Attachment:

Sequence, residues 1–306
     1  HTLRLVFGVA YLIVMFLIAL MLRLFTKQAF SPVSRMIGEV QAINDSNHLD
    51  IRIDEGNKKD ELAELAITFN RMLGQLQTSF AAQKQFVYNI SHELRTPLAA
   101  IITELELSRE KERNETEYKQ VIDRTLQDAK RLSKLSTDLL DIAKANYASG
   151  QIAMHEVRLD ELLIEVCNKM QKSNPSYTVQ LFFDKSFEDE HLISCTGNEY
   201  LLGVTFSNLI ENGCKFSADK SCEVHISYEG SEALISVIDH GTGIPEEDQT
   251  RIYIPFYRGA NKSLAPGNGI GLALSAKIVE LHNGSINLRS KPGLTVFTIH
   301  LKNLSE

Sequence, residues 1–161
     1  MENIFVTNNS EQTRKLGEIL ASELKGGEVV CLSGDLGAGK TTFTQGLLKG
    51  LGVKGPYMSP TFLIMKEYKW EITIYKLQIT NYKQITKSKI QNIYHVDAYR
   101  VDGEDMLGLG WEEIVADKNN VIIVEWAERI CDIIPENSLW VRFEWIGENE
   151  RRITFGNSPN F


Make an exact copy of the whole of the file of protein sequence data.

Sequence, residues 1–306
     1  HTLRLVFGVA YLIVMFLIAL MLRLFTKQAF SPVSRMIGEV QAINDSNHLD
    51  IRIDEGNKKD ELAELAITFN RMLGQLQTSF AAQKQFVYNI SHELRTPLAA
   101  IITELELSRE KERNETEYKQ VIDRTLQDAK RLSKLSTDLL DIAKANYASG
   151  QIAMHEVRLD ELLIEVCNKM QKSNPSYTVQ LFFDKSFEDE HLISCTGNEY
   201  LLGVTFSNLI ENGCKFSADK SCEVHISYEG SEALISVIDH GTGIPEEDQT
   251  RIYIPFYRGA NKSLAPGNGI GLALSAKIVE LHNGSINLRS KPGLTVFTIH
   301  LKNLSE

Sequence, residues 1–161
     1  MENIFVTNNS EQTRKLGEIL ASELKGGEVV CLSGDLGAGK TTFTQGLLKG
    51  LGVKGPYMSP TFLIMKEYKW EITIYKLQIT NYKQITKSKI QNIYHVDAYR
   101  VDGEDMLGLG WEEIVADKNN VIIVEWAERI CDIIPENSLW VRFEWIGENE
   151  RRITFGNSPN F